It’s Pastry Week on The Great British
Bake Off Baking Show, and I have no idea how I’m supposed to write about anything that happens in this episode that doesn’t involve squirting things into or out of at least two holes. [Stares vacantly out window for three hours]
Pastry, in Britain, refers to dough, and what we call pastry, they call patisserie. In this year’s Pastry Week challenge, the bakers ha—
Um... yes, so the bakers have to um... all right, you know what? I’m going to need another minute. [Stares vacantly out window for another hour]
Pastry week is a celebration of all things dough, from rigid hot water crusts, to light, airy choux, to flaky puff pastr—
Okay, this is getting ridiculous. Where was I? I’ve lost my place. Surely the judges can inject some civility here? What say you, Prue?
Okay, we’re just going to plow straight into the Signature Bake because this recap is going to end up killing me.
DAMNIT, CRYSTELLE, ARE YOU SERIOUS WITH THIS SHIT? Deep breaths, Allison. You are a professional. You can do this. Ahem... Chouxnuts are deep-fried rings of pâte à choux; a high-moisture dough that puffs up when it touches—
All right, nevermind. We’re done here. Chouxnuts are ruined for me forever. Thanks a lot, bakers.
For this year’s Pastry Week technical, the bakers have to make their own filo dough, laminate it into dozens of paper-thin layers, and make them into an intricately decorated baklava in two hours and forty-five minutes. Incredibly, this isn’t remotely close to being the most asinine technical challenge I’ve ever seen on this show. All the bakers managed to do way better than they should have, and no one squirted anything out of any holes. Everyone should be very proud of themselves.
I CAN’T HEAR YOU, GEORGE, LA LA LA LA LA LA LA LA LA LA LA.
A terrine is a meat-filled pie made of hot water crust pastry. So far, so good. No discussion of holes. C’mon, Allison. Keep it moving.
So let’s talk about Amanda, whose terrine imploded in spectacular fashion, and the handsome knight in shining armor who came to her rescue. That’s right, we’re talking about none other than Chigs, our Official Season 12 Sex Symbol and the sort of man who will gladly burn the shit out of his hands to help prevent hot meat juices from flowing uncontrollably.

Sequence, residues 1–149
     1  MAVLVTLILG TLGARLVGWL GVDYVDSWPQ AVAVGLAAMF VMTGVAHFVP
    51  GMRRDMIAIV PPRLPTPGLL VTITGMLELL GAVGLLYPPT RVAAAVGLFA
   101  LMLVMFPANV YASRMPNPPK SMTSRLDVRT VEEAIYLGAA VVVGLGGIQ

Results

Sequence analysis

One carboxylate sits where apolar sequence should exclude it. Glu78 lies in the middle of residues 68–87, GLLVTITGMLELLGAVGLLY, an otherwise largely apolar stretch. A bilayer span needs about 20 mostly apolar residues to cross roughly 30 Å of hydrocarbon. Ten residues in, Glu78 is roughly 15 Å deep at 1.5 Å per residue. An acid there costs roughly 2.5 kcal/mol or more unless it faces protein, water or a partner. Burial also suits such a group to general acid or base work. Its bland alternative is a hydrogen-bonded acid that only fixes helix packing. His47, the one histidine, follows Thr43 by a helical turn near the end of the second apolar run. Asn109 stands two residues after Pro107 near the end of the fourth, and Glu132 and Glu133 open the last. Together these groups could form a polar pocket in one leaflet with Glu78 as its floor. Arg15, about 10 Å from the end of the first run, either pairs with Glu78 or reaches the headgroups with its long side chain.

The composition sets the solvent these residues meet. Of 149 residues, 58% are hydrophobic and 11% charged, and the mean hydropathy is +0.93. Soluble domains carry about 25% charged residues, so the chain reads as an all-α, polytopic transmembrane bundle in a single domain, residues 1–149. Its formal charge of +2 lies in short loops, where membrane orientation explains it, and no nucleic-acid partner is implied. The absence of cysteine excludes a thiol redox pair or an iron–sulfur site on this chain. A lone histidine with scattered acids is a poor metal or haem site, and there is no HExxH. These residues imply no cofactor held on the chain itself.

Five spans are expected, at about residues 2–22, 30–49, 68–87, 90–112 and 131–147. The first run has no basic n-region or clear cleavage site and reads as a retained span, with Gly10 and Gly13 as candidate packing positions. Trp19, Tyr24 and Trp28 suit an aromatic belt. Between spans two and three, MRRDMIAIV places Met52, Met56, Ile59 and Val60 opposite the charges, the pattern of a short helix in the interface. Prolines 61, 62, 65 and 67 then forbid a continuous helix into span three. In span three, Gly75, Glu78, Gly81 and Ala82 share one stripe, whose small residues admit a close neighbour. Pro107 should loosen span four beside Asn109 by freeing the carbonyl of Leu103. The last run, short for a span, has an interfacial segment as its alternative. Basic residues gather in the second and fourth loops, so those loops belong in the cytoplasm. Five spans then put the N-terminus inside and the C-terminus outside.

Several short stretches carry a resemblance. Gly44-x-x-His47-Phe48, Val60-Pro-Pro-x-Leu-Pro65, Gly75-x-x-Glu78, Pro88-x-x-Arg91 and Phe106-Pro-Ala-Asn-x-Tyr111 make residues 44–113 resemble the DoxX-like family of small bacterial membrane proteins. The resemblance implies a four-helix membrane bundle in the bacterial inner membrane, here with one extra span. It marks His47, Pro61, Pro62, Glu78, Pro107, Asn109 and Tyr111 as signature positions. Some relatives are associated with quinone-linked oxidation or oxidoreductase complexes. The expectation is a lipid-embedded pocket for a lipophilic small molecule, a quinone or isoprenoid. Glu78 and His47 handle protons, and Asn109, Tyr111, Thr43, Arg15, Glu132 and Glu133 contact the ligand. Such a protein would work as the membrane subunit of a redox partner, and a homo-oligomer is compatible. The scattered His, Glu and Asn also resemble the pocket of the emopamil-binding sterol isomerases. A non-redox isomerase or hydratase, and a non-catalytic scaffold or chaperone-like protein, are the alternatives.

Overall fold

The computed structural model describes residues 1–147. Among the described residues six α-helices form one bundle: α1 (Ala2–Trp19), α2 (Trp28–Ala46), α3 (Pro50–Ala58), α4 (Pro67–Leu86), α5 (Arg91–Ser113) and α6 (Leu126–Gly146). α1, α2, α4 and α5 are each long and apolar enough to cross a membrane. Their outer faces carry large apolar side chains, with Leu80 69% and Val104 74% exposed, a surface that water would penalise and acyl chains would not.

When the top of Amanda’s terrine pops off as she’s unmolding it, Chigs swoops right in and thrusts his bare hands around her hot pie, holding it together as its walls begin to crumble, while Amanda repeatedly drops a hot metal terrine mold onto his delicate flesh. It’s a total structural failure, but Chigs will not quit on his friend, helping Amanda patch up her broken terrine as best he can. Know who would be really helpful in this sort of situation? A structural engineer. Know who’s a structural engineer? Giuseppe. Know what Giuseppe does? This:
By now, we have gritted our teeth through the departure of Mary Berry, begrudgingly accepted the challenges becoming batshit ridiculous, and unknowingly agreed to let Dame Prue Leith’s discussion of holes live in our heads rent-free until the day we die. The only reason I’ve held onto this show as it leaps over an ocean’s worth of sharks is because of its civility; I like to be reminded that no matter how tough things may get, we can all get through it with kindness, compassion, and friendship. AND GIUSEPPE JUST STOOD THERE. And where was Jurgen, by the way? Why was Chigs the only one willing to do anything? Everybody is complicit in this tragedy, no ifs, ands, or—
Okay, we’re finished. Crystelle got a handshake for her (oh goddamnit) “Pickle Cottage” pie, won star baker, Amanda went home, and Chigs is my new favorite to win. Everybody else in the tent can go cram their creations in their pie holes, and I hope that’s the last hole I talk about today.